Nonfiction | March 01, 1988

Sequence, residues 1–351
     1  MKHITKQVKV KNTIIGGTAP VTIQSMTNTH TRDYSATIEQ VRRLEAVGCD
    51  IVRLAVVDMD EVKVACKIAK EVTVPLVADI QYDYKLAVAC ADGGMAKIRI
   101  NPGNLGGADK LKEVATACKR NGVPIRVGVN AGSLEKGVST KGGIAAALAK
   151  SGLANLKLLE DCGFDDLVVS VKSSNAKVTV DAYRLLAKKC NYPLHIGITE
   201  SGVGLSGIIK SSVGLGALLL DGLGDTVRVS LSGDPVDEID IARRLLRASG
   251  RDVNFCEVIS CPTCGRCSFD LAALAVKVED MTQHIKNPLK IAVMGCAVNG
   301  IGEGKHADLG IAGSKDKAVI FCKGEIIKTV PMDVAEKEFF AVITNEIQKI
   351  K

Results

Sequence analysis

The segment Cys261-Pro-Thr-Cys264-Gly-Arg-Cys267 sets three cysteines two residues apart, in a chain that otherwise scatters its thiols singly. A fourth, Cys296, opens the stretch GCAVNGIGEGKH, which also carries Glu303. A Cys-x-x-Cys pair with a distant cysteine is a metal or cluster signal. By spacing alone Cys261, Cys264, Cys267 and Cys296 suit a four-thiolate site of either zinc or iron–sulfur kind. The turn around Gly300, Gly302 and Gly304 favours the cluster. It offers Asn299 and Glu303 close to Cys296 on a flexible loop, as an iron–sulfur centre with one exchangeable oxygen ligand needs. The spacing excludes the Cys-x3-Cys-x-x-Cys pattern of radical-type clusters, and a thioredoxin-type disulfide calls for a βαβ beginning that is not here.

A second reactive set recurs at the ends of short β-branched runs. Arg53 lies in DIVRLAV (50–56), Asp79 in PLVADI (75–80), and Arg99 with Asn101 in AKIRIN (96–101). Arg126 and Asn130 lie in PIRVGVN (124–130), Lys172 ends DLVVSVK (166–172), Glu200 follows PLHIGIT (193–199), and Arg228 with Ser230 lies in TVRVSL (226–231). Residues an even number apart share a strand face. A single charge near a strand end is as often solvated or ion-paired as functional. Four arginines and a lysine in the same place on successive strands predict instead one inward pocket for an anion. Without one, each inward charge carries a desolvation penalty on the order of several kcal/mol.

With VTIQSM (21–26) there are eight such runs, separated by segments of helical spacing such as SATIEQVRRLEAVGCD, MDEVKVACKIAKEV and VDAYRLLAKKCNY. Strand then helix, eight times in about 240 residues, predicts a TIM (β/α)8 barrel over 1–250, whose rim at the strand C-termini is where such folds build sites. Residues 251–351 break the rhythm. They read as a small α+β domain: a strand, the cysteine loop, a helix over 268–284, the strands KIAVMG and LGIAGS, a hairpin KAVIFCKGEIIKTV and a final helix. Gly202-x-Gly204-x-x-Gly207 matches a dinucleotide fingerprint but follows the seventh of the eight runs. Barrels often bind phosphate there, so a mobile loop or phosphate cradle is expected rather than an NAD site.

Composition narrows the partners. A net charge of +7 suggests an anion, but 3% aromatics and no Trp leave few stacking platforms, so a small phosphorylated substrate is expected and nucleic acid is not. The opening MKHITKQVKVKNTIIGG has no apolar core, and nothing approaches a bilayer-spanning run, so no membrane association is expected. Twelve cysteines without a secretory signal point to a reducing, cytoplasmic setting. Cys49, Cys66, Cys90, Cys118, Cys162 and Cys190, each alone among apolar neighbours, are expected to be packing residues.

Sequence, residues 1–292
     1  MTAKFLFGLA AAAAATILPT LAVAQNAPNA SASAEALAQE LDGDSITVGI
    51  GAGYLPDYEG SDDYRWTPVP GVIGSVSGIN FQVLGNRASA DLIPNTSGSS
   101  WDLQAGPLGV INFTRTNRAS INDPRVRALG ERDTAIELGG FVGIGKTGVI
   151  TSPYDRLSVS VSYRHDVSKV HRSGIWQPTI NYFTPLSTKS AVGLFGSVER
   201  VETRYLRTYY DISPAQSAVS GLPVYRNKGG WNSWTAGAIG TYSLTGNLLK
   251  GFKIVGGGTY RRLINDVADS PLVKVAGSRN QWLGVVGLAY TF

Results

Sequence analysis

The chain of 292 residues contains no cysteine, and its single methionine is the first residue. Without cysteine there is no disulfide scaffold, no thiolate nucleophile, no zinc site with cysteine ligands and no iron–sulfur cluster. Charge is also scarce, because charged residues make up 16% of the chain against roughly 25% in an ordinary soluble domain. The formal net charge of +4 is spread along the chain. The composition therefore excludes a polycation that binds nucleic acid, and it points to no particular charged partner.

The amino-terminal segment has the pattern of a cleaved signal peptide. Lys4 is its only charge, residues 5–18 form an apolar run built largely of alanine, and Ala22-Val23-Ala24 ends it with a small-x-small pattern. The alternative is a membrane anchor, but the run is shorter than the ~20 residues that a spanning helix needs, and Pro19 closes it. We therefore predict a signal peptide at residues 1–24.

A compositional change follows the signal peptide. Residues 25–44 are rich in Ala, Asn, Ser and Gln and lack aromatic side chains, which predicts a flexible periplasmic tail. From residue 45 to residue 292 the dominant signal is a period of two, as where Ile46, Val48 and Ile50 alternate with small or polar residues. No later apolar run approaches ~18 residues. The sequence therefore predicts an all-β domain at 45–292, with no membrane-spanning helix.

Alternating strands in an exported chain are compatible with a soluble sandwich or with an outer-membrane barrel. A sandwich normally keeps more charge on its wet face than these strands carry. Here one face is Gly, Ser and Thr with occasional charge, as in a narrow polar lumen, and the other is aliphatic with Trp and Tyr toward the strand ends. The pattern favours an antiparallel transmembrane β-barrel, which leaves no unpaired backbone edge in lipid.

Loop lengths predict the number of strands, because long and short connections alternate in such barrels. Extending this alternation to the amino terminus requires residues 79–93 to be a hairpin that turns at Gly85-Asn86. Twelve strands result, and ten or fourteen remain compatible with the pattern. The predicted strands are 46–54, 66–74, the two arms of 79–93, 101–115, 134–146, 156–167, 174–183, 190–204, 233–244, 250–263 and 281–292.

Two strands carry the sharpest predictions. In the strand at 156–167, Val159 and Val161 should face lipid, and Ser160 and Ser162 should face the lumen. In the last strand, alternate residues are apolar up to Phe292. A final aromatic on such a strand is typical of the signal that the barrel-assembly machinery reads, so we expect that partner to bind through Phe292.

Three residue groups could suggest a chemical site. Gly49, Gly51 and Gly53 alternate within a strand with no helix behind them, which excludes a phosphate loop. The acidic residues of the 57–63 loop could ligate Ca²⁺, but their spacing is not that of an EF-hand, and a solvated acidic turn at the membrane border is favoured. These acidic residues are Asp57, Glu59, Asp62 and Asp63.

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In Dora’s living room her clan gathered every Sunday of every season, aunts and uncles smelling of talcum and bleach, assorted cousins bypassing both scents to sniff out power and align ourselves accordingly.  Our loyalties toward any adult then were fragile and easily swayed.  The fall afternoon Linda invaded their story swapping session with a tale of her own, I listened from the doorway.  She described in detail the bullet’s trajectory: how it had whizzed past her ear, coming dangerously close to contact.  Between two dirt clods we had uncovered this, she said, raising the shotgun casing.

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